Abortion-rights advocates rally at Christian County Justice Center
Abortion-rights advocates rallied Monday morning at the steps of the Christian County Justice Center to state their opposition to the U.S. Supreme Court ruling that overturned Roe v. Wade.
The crowd of roughly 100 people ranged from several children to young adults and seniors. They came in black and pink attire — black to symbolize their opposition to a ban on abortion and pink for women — and many of them carried protest signs.
Barbara Morris, who is 82, came early and brought a chair. The heat index was pushing toward 100 degrees as the rally started at 10 a.m.
“I don’t have children, so I haven’t walked these steps that others have,” Morris told Hoptown Chronicle. “I don’t know what my choice would be, but I do know it is not for the government to decide. They have gone too far when they tell me what I can do with my body.”
Rally organizers stressed their desire to get more like-minded Kentuckians registered to vote and to make their case against a constitutional amendment that would ban abortion.
Constitutional Amendment 2, which the General Assembly voted to put on the Nov. 8 general election ballot, states, “To protect human life, nothing in this Constitution shall be construed to secure or protect a right to abortion or require the funding of abortion.”
A “yes” vote would support the amendment. A “no” vote would oppose it.
“We cannot let that amendment pass,” Bonnie Lynch, who helped organize the rally, told Hoptown Chronicle. “We’ve got to let people know how important it is to stop it.”
Rally speaker Pam Dossett — the Democratic nominee for the 8th District House seat who faces Republican incumbent Walker Thomas in the November general election — told the crowd that the June 24 decision overturning Roe means her four daughters won’t have the same 14th Amendment privacy protection that she had.
“I want you to turn to the young person standing next to you and I want you to tell them, ‘We will not go back,’” Dossett said, leading the rally in a chant.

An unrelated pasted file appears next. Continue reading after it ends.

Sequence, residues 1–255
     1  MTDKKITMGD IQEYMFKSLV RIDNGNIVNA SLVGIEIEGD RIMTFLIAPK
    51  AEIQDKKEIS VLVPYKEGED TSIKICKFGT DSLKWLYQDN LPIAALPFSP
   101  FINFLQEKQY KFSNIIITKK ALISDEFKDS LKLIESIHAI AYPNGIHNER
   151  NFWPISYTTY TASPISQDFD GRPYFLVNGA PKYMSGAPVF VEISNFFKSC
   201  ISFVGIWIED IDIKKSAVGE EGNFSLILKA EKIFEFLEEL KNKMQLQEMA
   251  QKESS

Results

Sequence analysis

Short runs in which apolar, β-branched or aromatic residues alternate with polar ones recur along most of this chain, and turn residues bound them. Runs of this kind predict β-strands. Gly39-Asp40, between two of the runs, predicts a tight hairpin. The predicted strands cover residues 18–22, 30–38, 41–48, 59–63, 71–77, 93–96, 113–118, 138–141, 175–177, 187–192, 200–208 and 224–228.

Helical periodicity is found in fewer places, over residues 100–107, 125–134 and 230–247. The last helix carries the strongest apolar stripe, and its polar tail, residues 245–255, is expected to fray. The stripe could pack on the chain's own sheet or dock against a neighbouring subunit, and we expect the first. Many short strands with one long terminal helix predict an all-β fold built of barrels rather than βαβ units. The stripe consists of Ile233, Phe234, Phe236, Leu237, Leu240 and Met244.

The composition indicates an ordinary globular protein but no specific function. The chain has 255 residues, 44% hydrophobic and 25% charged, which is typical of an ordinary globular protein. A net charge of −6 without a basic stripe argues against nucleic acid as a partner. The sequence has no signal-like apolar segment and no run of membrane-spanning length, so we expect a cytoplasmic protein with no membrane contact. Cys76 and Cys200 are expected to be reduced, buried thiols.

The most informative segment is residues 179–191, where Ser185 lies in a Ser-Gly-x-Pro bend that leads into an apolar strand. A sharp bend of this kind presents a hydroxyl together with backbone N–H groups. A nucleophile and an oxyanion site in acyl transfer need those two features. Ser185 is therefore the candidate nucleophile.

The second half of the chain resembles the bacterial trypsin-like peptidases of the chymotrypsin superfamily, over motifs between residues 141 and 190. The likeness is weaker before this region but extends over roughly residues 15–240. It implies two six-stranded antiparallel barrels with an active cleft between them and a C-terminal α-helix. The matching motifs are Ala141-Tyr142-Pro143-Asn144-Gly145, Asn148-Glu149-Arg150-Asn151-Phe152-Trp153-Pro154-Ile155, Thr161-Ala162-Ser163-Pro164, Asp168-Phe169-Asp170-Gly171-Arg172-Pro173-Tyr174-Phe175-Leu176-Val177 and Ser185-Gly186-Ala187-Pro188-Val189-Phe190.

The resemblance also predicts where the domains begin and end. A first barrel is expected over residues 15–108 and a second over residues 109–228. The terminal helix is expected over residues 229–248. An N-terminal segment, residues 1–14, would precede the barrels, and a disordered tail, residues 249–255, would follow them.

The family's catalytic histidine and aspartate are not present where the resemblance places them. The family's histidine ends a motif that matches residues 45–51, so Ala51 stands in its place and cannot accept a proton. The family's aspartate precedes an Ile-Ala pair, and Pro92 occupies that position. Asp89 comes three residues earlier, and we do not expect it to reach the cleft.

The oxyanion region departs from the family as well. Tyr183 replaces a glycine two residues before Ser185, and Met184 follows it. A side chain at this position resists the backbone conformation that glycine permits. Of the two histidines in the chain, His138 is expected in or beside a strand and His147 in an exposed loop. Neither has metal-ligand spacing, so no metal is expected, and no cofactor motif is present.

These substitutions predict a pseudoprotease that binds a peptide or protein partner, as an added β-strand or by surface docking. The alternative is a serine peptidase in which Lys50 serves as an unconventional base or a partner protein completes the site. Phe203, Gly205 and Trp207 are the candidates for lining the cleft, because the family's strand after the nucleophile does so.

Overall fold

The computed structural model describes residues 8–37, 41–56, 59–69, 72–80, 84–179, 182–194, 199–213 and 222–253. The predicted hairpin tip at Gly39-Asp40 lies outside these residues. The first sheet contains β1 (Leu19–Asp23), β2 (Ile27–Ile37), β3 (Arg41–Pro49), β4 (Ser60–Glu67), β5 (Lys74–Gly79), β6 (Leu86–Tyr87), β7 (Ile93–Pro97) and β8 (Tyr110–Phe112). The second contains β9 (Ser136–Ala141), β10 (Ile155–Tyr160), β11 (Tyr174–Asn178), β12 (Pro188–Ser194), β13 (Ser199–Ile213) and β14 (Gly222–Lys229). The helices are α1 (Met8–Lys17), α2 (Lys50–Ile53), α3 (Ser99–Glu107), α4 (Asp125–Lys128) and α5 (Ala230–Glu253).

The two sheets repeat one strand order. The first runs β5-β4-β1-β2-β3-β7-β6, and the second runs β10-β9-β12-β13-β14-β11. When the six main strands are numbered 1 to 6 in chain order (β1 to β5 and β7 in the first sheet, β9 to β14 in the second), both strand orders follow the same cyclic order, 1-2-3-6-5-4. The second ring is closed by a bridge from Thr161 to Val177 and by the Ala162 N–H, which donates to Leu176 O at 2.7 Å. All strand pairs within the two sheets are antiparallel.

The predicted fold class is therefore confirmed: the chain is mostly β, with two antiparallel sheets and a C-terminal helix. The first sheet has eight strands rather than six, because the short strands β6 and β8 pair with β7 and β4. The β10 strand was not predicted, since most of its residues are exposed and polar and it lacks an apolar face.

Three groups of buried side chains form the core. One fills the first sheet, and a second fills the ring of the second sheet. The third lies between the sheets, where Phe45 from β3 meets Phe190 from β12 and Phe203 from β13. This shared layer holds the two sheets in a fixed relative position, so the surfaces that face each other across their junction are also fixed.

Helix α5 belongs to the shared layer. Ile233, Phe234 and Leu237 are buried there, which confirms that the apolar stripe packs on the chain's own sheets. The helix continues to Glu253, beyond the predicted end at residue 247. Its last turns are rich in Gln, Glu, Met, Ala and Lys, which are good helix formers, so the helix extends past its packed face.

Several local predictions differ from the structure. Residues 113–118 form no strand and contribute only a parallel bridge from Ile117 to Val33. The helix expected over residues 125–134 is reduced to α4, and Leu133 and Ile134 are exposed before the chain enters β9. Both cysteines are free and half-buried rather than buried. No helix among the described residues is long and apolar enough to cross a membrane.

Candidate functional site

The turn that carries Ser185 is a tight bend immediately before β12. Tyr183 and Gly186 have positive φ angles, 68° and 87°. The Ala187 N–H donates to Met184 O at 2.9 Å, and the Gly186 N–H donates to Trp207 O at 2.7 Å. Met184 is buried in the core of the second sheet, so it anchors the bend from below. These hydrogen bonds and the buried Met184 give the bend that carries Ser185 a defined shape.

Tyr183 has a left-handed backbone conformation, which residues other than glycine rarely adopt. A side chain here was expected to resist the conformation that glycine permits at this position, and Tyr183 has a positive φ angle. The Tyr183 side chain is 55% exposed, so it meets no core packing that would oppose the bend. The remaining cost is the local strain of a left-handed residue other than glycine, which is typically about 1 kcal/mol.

Idalia Luna, executive director of the Hopkinsville Human Rights Commission, wore a T-shirt with the slogan “Women’s Rights Are Human Rights.”
There are ways to reduce the number of abortions, said Luna. She listed a range of public policy issues, including child care, education and pay equality, that affect women and children.
“We must hold the same dignity and value for a born child, through adulthood, as we would a pregnancy,” she said. “What does it matter if a baby is born but you don’t like the color of their skin or the language that they speak. We must value all lives.”
Sheila Smith-Anderson, of Paducah, spoke about spreading the message of abortion rights to others. She told the members of the rally the need to speak up and tell others what’s at stake. They should “meddle” in a good way, she said, and ask people they encounter at stores, at church and in their neighborhoods if they are registered to vote.
“Are you tired, women?” she said. “Why do we have to keep fighting?”
Dossett said the rally turnout “gives me hope.” She told the crowd, “Take this passion. Make a difference.”
The Supreme Court’s ruling gives states the authority to regulate abortion rights. And it meant that a law passed by the Kentucky General Assembly in 2019 — called a “trigger law” — went into effect immediately to end abortions in the state except when a mother’s life is in danger.
However, on June 30 a Jefferson Circuit Court judge issued a restraining order that allows Kentucky’s two abortion clinics to resume procedures at least until a July 6 hearing in a lawsuit filed by abortion-rights advocates.
Hopkinsville’s rally was the latest among several that opponents to the Supreme Court ruling have staged in Kentucky. Rallies have also occurred in Louisville, Lexington, Frankfort, Bowling Green, Pikeville, Owensboro and Henderson.
This story was originally published by the Hoptown Chronicle, a nonprofit newsroom covering Hopkinsville, Kentucky.